It’s been a while since September 11, 2001.
The day that Osama Bin-Laden decided Americans needed to pay for their prosperity and democratic values. I distinctly remember walking into my logic class, turning on the television, and waiting for our professor to arrive. I sat down and, along with my classmates, watched as the terrorist-hijacked plane hit the second tower of the World Trade Center.
Our professor walked in at precisely that moment, stalked over to the television, and switched it off.
“Hey! We need to be watching right now!”
He smiled at me in response. This was his class, and I was disrupting it.
“I realize something catastrophic is happening right now,” he acknowledged, “but your education needs to go on.”
I glared back at him. I felt powerless. As I sat through truth tables and deductive reasoning, my heart pounded wildly. I wanted to get out of there as fast as I could and just do something.
The next hour, I ran to my Anthropology class. Professor McGranahan was only too welcoming to invite each of us to share our thoughts and feelings accompanying the events.
It was a class on history, culture, and memory. I wrote my heart out, alongside my classmates.
Then, I sat and silently cried.
And when protests against a wrongful invasion on Iraq for oil erupted later on campus, I was among my classmates marching and shouting passionately. No way could I shut up and sit down in silence.
I was raised in a family steeped in apathy, situated in the comfortable silence of ignorance. The old yarn, “Whatcha gonna do?” was as frequent a response to the world’s events as was my raising them. Whether it was a homeless dog I pleaded to take into my bedroom, a person pushing a shopping cart filled with their worldly belongings down a sidewalk, or a woman dumping her dog on a roadside then driving away, my heart has always pounded deep in my chest, my voice has always felt the need to scream loudly, and my energy has always gone to wanting to say “No” to the wrongdoings and the harms in the world.
Perhaps you can relate. I believe there are so many, many more activists and animal rights advocates and environmentalists now than when I was growing up. I feel heartened for this, every waking hour.
This morning, there is something else that I learned I can do nothing about. A horror of magnitude and suffering, which I want to scream loudly against. I hug my own disabled Texas rescue dog closely as I learned about what happened to 300 dogs in a Ukrainian shelter when their person was likely killed. When Russian soldiers found them and visited their pernicious, barbarian wills upon them.
I don’t recommend watching the video. I assure you, it’s enough to know it happened.
Still and all, my heart is turned inside out, again. I was just processing the human atrocities and horrors committed in Bucha, when another announcement came through about animals in peril of euthanasia at Feldman Ecopark. Russian soldiers have bombed the enclosures protecting them, and at the risk of having lions, tigers, and bears running at large in Kyiv, the owner is having to consider unimaginable options to keep people safe.
It’s enough to know the atrocities and suffering are happening without diving into details. For me, and perhaps you also feel the same, it’s a given that in invasions and ensuing war, deaths will occur, violations of decency will happen. That’s all the information I need to know that it’s time to act.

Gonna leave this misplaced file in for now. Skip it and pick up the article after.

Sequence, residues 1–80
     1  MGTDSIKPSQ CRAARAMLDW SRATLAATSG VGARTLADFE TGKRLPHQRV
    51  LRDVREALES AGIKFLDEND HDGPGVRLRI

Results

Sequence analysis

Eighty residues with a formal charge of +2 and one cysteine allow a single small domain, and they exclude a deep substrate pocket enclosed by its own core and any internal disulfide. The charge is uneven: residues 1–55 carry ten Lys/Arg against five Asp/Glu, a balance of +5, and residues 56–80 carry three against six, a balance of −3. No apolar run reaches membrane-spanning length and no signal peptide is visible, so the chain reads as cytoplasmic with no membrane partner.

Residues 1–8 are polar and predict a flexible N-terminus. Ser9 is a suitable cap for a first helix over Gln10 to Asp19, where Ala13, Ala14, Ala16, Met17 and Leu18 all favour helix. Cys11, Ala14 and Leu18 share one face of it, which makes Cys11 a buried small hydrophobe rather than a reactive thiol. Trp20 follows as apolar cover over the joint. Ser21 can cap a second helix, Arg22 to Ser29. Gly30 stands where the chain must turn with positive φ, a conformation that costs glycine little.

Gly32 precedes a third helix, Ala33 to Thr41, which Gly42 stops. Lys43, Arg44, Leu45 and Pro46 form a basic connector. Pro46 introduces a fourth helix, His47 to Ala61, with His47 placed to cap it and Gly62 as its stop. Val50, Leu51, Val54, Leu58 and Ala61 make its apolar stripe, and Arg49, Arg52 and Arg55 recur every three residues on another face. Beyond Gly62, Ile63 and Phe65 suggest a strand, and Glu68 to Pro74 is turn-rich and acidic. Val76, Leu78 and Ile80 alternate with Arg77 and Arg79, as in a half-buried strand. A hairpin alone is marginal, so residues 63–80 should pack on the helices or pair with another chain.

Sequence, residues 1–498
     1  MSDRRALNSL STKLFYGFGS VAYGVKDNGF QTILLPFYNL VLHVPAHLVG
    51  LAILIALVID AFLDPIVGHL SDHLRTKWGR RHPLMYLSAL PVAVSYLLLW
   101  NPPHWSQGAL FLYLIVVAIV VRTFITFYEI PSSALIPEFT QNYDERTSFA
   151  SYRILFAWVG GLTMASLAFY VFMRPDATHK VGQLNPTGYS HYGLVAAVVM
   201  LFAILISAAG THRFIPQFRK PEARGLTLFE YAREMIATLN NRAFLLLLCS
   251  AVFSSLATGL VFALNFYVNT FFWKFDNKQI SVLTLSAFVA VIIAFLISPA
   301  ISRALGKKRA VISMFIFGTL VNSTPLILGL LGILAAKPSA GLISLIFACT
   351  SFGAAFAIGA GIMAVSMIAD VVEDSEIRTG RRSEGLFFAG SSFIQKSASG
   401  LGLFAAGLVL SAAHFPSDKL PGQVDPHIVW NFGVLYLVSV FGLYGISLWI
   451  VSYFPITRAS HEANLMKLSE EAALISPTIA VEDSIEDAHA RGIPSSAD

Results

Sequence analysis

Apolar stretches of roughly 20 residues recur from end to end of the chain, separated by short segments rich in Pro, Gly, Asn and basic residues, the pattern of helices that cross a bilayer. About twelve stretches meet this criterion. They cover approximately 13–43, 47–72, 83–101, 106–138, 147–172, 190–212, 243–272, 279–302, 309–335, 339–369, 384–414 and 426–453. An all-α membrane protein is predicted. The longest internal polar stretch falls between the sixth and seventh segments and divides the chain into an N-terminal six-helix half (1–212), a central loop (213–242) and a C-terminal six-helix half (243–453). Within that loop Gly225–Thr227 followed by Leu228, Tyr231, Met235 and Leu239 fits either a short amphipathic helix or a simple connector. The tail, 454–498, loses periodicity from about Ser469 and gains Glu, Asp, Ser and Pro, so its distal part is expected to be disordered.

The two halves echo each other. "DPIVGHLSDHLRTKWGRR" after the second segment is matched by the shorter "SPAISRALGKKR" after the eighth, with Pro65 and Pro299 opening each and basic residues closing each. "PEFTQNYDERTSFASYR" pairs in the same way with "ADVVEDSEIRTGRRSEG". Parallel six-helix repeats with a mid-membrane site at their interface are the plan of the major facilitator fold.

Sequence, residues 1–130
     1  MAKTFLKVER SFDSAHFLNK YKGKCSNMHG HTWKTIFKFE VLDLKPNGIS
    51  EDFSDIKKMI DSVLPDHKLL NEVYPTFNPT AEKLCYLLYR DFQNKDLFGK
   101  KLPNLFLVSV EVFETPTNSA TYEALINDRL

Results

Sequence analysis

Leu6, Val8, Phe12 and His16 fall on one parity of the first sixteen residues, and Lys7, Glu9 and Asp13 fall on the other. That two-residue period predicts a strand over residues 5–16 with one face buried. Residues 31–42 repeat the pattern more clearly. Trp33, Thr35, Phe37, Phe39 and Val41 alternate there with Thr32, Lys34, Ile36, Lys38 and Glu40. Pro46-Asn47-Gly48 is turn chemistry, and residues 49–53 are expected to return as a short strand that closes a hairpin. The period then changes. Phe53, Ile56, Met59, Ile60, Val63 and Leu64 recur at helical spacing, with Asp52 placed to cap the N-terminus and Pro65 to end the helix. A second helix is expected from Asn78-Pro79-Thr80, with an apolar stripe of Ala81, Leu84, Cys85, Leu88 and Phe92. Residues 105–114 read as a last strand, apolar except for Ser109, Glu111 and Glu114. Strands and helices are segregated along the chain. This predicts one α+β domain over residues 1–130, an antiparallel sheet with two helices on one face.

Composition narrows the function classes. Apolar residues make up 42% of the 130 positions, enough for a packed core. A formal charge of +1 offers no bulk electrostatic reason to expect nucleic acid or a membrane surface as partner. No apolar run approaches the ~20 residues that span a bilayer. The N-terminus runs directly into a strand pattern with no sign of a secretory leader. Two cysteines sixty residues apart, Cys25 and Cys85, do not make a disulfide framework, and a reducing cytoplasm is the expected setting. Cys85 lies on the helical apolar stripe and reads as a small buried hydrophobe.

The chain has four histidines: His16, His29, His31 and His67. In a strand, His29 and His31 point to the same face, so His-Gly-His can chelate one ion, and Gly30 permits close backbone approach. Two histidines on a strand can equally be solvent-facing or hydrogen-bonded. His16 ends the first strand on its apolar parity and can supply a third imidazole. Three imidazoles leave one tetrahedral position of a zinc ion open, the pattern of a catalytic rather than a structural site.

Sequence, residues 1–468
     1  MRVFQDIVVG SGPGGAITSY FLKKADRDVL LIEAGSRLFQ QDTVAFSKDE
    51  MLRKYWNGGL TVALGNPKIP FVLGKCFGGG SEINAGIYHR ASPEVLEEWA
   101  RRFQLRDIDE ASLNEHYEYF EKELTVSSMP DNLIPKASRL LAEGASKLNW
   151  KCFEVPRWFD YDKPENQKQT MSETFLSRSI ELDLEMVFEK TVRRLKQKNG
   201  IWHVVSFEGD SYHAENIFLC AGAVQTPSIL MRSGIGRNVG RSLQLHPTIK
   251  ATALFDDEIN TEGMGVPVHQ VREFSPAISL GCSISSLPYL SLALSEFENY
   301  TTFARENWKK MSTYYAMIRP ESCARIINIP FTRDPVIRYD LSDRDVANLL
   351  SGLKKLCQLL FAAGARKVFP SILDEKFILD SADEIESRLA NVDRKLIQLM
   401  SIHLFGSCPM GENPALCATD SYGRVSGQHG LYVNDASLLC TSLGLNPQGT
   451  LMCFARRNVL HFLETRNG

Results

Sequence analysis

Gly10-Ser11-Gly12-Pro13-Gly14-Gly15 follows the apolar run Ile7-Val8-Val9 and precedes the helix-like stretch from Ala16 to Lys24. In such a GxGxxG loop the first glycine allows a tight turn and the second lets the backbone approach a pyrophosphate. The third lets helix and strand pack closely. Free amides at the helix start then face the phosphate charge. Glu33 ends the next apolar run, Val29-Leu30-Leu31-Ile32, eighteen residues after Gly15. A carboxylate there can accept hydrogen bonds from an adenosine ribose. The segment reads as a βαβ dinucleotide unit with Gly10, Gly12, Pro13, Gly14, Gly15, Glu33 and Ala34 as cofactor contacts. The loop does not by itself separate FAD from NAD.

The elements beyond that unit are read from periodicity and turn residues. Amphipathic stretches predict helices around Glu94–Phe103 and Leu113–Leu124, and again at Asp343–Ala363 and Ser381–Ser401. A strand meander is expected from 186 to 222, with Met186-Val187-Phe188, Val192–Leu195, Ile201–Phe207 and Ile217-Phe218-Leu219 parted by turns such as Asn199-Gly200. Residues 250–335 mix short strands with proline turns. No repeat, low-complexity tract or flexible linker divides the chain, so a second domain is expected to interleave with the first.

That’s what a heartful of helplessness informs. Rather than drowning in disempowerment and grief, I look for ways to turn helplessness inside out.
It’s all about energy. Proactive energy makes a statement to the human and animal community that we are engaged and here to serve a purpose, no matter how small. It contributes to democracy, sends a message to others that what lives here on this blessed Earth, matters and is worth protecting. It also lets people know that we are not looking away.
People all over the world are stepping up to help animals and people in Ukraine. All I need to do at any given Tuesday, when my heart is filled with turmoil and rage, is to look.
Here is what I’ve located:
1. The International Fund for Animal Welfare is relocating animals, providing food and veterinary care to domestic animals, plus a variety of other support.
2. Humane Society International is providing emergency funding and supplies including pet food, blankets, and veterinary care amidst a worsening animal welfare crisis.
3. Lady Freethinker, one of my favorite activist nonprofits, has sponsored the rescue of 19 homeless dogs from Ukraine.
4. If donating is something you simply can’t afford, and like me, you’ve maxed out your Visa with donations, there are plenty of additional ways to help contribute to the goodness endemic in our mindful community:
5. Foster a dog with a local rescue, a no-cost, selfless act that will help offset the horrific suffering of homeless animals in Ukraine. (Hey, it works for me; our household is filled with three rescue dogs from our own American South.)
6. Volunteer to walk a dog at a local shelter. This is another no-cost, selfless effort that not only provides exercise and socialization to a homeless dog, but also benefits you, the walker, with a beautiful day along your town’s sidewalks, in the company of a grateful rescue mutt.
In the words of the late Thich Nhat Hanh, mindfulness must be engaged. While he was acting with his monastic brothers and sisters in Vietnam, and I now sit here in the privileged comfort of Colorado more than 5,000 miles away from Ukraine, there are still many things that I and you can do to make the world a better place to live.
I invite each and every member—animal lovers especially—to step up and help the animals and people suffering and in need in the Ukraine invasion.